Nisa: The Life and Words of a !Kung Woman | Study Guide

Marjorie Shostak

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Course Hero, "Nisa: The Life and Words of a !Kung Woman Study Guide," February 6, 2018, accessed December 18, 2018, https://www.coursehero.com/lit/Nisa-The-Life-and-Words-of-a-Kung-Woman/.

Nisa: The Life and Words of a !Kung Woman | Chapter 4 : Discovering Sex | Summary

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Summary

There is little privacy in !Kung life, which makes it difficult for adults to keep their sex lives discreet. Couples may meet in the bush or have sex after children are asleep, but children may still notice their activities. Teens may sleep elsewhere to give their parents more privacy, sometimes building their own sleeping huts, or they may live with grandparents for a time.

Children and teens have a great deal of free time, which they mostly spend playing together in the village while their parents gather food and hunt. Some adults usually remain in the village, so the children generally aren't alone or wholly unsupervised. The adults rarely interfere in children's play, however. Occasional fights or accidents may happen, such as burns from a fire, but otherwise there is not much danger in the village. Play groups of mixed ages, "from infants to young teens," are the norm, since in a village of around 30 residents, there are only so many children to socialize with. Sometimes children set up their own "villages" nearby in the bush, where they play unsupervised. Boys and girls play together rather than segregated by gender, and there are few activities that are considered only for boys or only for girls. "Girls are as free and unfettered as boys," since the !Kung don't prize virginity nor require girls to hide their bodies. Competition is usually not a part of the children's play, as they try to improve their own skills rather than beat someone else.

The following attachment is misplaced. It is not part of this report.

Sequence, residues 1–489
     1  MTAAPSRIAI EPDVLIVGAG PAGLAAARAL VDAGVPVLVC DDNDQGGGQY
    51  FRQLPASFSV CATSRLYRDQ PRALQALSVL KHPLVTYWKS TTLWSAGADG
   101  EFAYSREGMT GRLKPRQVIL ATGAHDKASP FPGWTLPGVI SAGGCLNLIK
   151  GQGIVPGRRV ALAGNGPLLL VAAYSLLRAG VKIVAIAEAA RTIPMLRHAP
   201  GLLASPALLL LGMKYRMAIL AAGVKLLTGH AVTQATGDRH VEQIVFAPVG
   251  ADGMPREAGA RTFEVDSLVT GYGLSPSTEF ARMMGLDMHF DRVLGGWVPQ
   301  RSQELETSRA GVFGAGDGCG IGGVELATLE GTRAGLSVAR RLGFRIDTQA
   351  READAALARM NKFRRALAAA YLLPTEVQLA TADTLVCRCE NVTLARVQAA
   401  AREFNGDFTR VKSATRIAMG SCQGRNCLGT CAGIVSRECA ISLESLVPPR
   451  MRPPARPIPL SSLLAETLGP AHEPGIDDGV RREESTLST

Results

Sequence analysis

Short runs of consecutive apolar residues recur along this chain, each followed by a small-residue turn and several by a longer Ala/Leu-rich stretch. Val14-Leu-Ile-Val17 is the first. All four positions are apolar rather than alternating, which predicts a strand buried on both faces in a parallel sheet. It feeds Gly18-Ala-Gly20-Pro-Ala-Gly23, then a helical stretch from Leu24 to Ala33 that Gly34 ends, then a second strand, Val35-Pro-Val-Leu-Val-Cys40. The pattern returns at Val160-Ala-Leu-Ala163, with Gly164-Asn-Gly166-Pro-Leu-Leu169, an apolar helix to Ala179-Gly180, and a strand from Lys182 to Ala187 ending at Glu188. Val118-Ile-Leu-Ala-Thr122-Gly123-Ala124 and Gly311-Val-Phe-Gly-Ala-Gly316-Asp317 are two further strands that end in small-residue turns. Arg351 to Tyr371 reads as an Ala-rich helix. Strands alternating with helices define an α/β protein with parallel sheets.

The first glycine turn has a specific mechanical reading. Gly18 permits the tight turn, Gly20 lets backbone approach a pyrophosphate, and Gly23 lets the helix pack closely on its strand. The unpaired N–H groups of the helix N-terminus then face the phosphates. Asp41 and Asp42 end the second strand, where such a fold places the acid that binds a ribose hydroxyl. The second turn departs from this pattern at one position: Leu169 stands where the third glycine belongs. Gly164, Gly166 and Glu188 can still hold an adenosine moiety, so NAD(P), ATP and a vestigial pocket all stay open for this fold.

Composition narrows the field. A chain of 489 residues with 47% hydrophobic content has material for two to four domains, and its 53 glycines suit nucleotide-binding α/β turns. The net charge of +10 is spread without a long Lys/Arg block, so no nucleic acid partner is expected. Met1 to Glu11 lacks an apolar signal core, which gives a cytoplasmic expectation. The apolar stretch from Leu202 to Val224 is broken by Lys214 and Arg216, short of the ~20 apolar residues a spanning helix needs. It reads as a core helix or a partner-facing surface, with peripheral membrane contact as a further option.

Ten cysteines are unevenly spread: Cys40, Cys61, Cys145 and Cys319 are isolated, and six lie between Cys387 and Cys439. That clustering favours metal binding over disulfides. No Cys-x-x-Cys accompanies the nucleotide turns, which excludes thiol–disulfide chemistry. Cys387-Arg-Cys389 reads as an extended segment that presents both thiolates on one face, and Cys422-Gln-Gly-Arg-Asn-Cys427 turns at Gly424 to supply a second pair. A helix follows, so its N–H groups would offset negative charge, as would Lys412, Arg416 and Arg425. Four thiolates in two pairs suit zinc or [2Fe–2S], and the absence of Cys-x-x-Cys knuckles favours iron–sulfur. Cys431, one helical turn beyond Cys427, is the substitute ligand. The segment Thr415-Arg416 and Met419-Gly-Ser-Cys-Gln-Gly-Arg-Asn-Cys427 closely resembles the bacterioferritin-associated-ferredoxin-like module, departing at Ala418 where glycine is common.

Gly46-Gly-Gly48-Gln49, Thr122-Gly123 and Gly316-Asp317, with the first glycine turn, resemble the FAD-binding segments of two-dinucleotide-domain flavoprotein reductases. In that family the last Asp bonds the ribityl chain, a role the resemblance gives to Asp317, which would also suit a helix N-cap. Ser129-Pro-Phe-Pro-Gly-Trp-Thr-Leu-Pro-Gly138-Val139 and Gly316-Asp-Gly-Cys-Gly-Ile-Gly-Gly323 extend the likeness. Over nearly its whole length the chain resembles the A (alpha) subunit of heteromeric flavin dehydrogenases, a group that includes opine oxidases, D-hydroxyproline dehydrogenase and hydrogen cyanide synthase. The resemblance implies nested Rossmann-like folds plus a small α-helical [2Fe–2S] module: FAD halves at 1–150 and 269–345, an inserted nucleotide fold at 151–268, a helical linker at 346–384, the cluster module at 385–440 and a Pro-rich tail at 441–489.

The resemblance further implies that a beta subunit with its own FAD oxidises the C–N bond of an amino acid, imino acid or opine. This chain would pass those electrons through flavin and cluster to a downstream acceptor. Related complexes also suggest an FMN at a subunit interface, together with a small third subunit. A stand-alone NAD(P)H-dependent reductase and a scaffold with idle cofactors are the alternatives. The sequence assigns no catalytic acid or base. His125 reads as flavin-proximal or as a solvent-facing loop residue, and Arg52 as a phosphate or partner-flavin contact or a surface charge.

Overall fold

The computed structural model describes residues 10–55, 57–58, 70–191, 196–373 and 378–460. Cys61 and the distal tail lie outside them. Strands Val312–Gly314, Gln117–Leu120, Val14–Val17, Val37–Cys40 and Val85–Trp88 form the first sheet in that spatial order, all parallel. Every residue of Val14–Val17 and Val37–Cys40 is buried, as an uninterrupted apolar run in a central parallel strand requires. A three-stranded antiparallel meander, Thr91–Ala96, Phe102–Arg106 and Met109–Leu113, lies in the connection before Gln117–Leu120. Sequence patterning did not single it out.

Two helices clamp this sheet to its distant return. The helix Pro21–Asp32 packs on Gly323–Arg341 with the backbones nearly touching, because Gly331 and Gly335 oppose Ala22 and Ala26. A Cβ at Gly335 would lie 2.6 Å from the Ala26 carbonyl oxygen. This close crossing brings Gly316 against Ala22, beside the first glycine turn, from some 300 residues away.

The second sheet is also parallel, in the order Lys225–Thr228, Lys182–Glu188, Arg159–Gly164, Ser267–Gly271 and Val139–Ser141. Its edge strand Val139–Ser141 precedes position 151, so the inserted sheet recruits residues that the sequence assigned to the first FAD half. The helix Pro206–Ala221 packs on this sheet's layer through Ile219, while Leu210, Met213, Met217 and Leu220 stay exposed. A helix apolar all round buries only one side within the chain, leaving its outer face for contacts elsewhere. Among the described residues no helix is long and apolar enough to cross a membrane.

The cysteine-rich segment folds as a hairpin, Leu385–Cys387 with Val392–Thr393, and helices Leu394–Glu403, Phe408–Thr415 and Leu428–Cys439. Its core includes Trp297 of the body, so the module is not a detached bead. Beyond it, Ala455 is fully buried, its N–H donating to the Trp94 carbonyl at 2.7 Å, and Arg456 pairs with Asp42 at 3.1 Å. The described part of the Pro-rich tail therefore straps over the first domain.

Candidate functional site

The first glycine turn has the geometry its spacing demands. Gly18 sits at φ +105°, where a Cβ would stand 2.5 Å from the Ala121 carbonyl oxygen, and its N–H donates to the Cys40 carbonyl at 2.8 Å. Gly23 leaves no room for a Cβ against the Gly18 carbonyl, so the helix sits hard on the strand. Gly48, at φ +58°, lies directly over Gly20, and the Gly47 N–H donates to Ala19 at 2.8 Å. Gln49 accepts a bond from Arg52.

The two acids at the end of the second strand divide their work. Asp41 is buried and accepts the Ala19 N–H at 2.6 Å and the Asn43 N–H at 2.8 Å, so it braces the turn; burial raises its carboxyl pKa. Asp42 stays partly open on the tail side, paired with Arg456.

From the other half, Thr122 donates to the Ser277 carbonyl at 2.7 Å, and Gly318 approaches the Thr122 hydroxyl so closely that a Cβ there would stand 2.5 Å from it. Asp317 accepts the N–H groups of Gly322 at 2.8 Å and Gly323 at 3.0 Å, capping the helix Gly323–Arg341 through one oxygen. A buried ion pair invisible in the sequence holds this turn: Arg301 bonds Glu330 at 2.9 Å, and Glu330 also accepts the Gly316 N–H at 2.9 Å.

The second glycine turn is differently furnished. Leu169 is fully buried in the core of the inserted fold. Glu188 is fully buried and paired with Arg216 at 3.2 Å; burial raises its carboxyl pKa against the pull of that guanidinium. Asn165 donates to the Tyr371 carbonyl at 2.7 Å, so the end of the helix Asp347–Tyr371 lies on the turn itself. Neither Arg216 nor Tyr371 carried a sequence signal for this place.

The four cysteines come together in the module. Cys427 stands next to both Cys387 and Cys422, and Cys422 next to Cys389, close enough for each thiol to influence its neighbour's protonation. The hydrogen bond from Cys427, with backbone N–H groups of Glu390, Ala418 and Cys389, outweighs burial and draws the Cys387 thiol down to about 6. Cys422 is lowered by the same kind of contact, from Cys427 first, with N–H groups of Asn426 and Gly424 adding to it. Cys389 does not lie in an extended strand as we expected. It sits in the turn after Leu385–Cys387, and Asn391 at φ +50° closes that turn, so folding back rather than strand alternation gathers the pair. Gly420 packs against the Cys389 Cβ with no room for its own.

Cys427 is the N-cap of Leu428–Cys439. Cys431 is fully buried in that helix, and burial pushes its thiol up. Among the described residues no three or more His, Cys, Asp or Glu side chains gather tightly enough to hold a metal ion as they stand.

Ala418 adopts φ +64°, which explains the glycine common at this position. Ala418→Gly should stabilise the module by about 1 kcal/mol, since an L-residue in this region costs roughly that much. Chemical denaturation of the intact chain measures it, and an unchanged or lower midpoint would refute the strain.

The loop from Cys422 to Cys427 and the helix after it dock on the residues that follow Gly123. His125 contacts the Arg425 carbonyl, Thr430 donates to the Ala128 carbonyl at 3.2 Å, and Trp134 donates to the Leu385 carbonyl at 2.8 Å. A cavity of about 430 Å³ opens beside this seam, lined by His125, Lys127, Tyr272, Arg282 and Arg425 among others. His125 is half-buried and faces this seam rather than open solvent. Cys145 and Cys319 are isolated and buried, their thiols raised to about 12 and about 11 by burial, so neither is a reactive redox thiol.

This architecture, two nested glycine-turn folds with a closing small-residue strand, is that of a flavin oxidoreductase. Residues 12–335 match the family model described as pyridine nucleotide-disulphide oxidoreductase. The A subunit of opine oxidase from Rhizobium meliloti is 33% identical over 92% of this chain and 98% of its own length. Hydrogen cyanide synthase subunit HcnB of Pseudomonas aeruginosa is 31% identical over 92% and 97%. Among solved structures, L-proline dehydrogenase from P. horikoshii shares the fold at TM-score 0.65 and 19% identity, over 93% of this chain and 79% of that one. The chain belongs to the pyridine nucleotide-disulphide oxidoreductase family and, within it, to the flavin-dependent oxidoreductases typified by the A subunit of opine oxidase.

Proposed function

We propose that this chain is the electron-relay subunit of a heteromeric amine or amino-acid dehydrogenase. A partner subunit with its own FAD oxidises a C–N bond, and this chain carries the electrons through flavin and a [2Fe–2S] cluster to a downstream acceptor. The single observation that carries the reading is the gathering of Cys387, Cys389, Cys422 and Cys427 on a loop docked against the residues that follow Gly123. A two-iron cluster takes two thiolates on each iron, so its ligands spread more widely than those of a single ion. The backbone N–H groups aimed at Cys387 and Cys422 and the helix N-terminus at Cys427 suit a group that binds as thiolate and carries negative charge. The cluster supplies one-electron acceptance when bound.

Since !Kung children don't go to school, play helps them learn to be adults. Most of their play imitates "adult activities: hunting, gathering, singing and trancing, playing house, and playing at parenthood and marriage," as well as sexual play, which may happen in the children's play villages. Adults scold children caught in sexual play and admonish them to "play nicely," but adults too remember their days as children, playing the same games. So long as the children are discreet, they are "not actively prevented from engaging in" sexual play.